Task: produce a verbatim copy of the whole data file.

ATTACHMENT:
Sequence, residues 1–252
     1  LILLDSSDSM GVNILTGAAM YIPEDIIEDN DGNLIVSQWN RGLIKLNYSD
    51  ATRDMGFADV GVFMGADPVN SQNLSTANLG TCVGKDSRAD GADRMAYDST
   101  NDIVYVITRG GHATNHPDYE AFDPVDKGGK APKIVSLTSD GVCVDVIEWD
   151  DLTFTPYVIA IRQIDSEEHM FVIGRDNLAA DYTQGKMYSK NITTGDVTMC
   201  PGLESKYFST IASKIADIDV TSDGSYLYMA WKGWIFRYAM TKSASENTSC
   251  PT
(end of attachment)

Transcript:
Sequence, residues 1–252
     1  LILLDSSDSM GVNILTGAAM YIPEDIIEDN DGNLIVSQWN RGLIKLNYSD
    51  ATRDMGFADV GVFMGADPVN SQNLSTANLG TCVGKDSRAD GADRMAYDST
   101  NDIVYVITRG GHATNHPDYE AFDPVDKGGK APKIVSLTSD GVCVDVIEWD
   151  DLTFTPYVIA IRQIDSEEHM FVIGRDNLAA DYTQGKMYSK NITTGDVTMC
   201  PGLESKYFST IASKIADIDV TSDGSYLYMA WKGWIFRYAM TKSASENTSC
   251  PT